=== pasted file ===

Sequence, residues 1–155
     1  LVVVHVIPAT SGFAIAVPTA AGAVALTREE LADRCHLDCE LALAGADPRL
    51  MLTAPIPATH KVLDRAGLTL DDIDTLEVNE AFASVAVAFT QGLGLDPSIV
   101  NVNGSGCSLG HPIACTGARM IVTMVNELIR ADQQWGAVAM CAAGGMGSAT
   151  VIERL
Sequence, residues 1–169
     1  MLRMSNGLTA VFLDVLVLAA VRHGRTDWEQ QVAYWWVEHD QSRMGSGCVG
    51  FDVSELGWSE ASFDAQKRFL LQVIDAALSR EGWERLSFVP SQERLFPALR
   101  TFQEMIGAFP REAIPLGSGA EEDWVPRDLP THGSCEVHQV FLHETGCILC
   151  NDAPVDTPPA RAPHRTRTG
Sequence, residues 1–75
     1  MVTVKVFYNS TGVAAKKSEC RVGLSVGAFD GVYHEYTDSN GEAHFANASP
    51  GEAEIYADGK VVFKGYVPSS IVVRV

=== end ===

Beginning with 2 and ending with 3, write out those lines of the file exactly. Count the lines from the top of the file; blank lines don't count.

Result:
     1  LVVVHVIPAT SGFAIAVPTA AGAVALTREE LADRCHLDCE LALAGADPRL
    51  MLTAPIPATH KVLDRAGLTL DDIDTLEVNE AFASVAVAFT QGLGLDPSIV